straight in the face when they had to talk to you.” Academic as well as personal qualifications for admission have been lowered. In the past you needed at least eight senior matriculation subjects to enroll at an Ontario normal school; now you need only five. Only fifty percent of the students at British Columbia Normal School have their complete senior matriculation, which once was insisted upon. Graduation from the normal schooîi is just about as easy as admission. An official of an eastern normal school told me, “I can count] on the fingers of one hand the numlier of students I’ve flunked in the last five years.”

Such slipshod methods have discouraged many good people from becoming teachers. In one of the Maritimes normal schools the average IQ was several points below the scores made by first year university students; some were in the 80s, which would make them “dull normals.” In a revealing study in Alberta two groups of students were compared: those taking the one-year course to become elementary - school teachers and those taking the university course to become high-school teachers (bachelcgja education degree). Half the. one-year.had IQs below thak óf the weakest bachelor of education candidate. In tests of the one-year student’s ability to understand basic principles, generalizations and rules, the average score was only eighteen percent. Yet this is the field in which they expect to lead others within a year,” comments the report. An Alberta normal school instructor told me, “The teachers I’m training are immature. They regard everything I say as sacred. When I say goodmorning they write it down in their notebooks.” Yet Alberta ranks as one of our most progressive provinces in teacher-training policies.

Ironically, these free - and - easy recruiting measures to boost normalschool enrollments have had the opposite effect. In the past year the number of teachers in training in Manitoba and British Columbia has decreased by one tenth. The New Brunswick Teachers’ College had three hundred students in 1938; today it has one hundred and thirty-four. Many educators believe that all this points up an obvious moral: the best type of youngster gravitates toward a profession where the requirements are stiff and challenging. And fewer parents seem to want their children to become teachers. “Don’t be a damn fool” was the comment of an Edmonton doctor when his son expressed a desire to teach.

Many educators feel their profession will never achieve real status as long as a nine-month normal course will earn an elementary-school teacher’s certificate. They point out that most professions require an average of four and a half years in university. “In a year the student teacher can only pick up a few techniques, learn how to cater to the inspector and get some of the children through exams,” says Dr. M. V. Marshall, of Acadia University. Modem schools demand teachers with a broad background. Yet in many normal schools, sixty percent of the students come from rural areas and possess a narrow cultural and social outlook. “What can these people know after a few months?” asks Dr. LaZerte. A large number of educators think that all teachers—in elementary and high schools—should possess a university degree. A veteran Alberta teacher who has taught in all grades told me, “When I teach six and seven year olds it takes all the skill I’ve got. What more can I give to any other class?”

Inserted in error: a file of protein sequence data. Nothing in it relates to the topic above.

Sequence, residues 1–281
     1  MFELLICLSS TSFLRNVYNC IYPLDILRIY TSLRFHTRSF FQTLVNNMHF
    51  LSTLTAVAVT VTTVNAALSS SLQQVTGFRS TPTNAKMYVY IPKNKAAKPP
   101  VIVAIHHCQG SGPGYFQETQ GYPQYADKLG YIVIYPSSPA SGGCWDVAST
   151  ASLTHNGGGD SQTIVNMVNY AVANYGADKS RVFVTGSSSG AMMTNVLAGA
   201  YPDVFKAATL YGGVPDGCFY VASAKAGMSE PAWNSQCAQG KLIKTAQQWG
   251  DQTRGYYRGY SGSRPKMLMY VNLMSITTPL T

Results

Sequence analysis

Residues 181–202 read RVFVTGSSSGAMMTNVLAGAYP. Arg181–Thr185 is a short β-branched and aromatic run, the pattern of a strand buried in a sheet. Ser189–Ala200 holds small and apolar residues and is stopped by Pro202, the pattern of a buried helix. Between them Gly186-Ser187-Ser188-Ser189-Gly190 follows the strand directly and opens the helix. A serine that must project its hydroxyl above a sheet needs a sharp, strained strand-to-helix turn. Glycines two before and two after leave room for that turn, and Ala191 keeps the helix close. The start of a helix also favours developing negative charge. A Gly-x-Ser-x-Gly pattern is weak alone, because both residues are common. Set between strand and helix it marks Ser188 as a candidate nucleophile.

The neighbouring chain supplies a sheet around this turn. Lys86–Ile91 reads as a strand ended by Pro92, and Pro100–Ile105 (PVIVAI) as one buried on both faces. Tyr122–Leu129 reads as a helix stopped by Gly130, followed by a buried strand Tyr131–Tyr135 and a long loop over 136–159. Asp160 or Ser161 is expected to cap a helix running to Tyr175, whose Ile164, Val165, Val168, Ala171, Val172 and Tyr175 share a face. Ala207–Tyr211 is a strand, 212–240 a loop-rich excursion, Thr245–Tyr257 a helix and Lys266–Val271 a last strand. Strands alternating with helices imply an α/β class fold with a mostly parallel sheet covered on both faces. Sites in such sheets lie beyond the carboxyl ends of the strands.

Do our normal schools make the most of the nine months in which they have to transform high-school youths into teachers? Perhaps the most authoritative answer is to be found in the research report, The Status of the Teaching Profession, published by the Canadian Education Association in 1948 An examination of nine teacher-training centres pointed up many alarming weaknesses. Some students received as little as twenty hours of practice teaching before being turned loose in the classroom on their own. In many schools, students were burdened with fifteen to twenty courses —most of them repetitious—teaching the teacher how to teach specific elementary-school subjects. Few institutions were devoting sufficient time to cultural subjects or to broad professional subjects such as the psychology and philosophy of education and child development and growth. That is why the report concluded, “If teacher training continues to be overburdened with such a multifarious load of special techniques ... it is sheer hypocrisy to claim professional status for technicians so produced.” In the same survey hundreds of normal students and graduates were asked for an evaluation of their training: forty-six percent said it was “repetitious,” twenty-three percent said it was “generally ineffective.”

“All we can do for our students is to give them a bag of tricks to take to the classroom,” one of the heads of an

eastern training school told me. That is what Frank Wilson, a Vancouver school trustee, meant when he said not long ago, “Any resemblance between an educational expert and an educated man is purely accidental.”